Jésus chasse les vendeurs du Temple Bernadette Lopez, alias Berna,


Tuesday of that week.  Jesus returns from his day off, time away, which likely seems to have been for rest, recovery, preparation, centering.  He returns to the Temple area and confronts the traders there who are selling animals for sacrifice within the Temple area.  It’s not like a t-shirt stand being set up near an event like we see today.  It’s part of the institution.  A place where the Temple money (which wasn’t sullied by political or foreign association) could be used to purchase what was needed, and appropriate, for ritual sacrifice in religious expression.   Jesus is irate, revolutionarily overturning the tables of the merchants.  Seemingly because either of corruption, such as exorbitant prices which took advantage of the defenseless pilgrims come for worship.  Or maybe it was an active critic of the institutional leadership and religious hierarchy who had forgotten their purpose: not to make money, but rather to facilitate the worship of their brothers and sisters.  Or maybe it was Jesus torn to see a place of prayer, devotion, communal cooperation, become an open-air market, bustling with commerce, like you’d find in any city.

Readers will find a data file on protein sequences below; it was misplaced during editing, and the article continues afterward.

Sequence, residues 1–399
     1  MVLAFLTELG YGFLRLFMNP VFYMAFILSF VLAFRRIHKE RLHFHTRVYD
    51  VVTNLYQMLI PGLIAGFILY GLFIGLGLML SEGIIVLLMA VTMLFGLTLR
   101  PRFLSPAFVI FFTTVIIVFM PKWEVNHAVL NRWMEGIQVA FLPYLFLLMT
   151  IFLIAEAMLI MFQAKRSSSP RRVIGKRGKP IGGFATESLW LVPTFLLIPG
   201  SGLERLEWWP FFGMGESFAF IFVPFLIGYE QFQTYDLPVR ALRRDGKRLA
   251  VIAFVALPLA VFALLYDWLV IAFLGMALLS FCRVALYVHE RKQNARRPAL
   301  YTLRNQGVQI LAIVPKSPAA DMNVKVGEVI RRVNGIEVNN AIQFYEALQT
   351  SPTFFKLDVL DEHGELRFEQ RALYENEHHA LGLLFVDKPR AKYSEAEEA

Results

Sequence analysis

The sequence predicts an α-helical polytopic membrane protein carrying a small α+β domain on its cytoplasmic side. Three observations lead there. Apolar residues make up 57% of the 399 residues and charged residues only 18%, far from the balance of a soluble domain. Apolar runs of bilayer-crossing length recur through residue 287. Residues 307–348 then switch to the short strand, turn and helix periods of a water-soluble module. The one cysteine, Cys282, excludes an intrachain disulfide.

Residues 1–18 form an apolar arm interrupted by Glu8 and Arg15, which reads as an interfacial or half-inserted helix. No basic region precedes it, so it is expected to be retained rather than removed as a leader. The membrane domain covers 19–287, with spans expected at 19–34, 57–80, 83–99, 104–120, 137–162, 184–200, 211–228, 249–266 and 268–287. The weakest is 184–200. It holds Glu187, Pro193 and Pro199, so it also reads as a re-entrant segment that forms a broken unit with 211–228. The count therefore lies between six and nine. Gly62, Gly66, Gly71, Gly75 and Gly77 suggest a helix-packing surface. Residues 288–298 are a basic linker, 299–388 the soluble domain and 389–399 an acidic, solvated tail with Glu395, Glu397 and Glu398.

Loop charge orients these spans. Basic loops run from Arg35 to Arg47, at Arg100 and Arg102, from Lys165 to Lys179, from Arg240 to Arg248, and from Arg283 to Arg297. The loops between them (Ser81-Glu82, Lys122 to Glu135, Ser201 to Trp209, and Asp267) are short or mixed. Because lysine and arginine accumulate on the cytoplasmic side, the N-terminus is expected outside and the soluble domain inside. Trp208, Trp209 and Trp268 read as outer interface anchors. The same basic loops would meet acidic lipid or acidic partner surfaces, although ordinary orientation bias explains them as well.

Matthew 21:12-13, John 2:13-25

His critic seems to get at a question that we face today as well: how do we limit and hold hostage our expressions of faith?  How do we cheapen our spirituality with trite platitudes?  Or with limiting assumptions of what kind of spiritual response is authentic or appropriate?  How do we pollute the beauty of faith through transactional expectations which lead to commerce, shame, exclusion or isolation?  It’s not as simple as a black and white situation in which you’re either “good” or “bad”.  It’s a slippery slope, a fine line which we all cross at times.  Jesus calls us to reform, to renewal, to renvisionning.


Take a moment to reflect on your thoughts and reaction.  Meditate upon the visual representation of the scene above.  You might even listent to this excerpt of Bach’s ‘Christus, der uns selig macht’ [“Christ who Makes us Blessed] from his Saint John’s Passion.



Examen Questions:

  • How do long for reform, renewal, renvisioning in your life of faith? 


  • How might you need Jesus to overturn the tables in your life, to mix things up, so that you might see more clearly?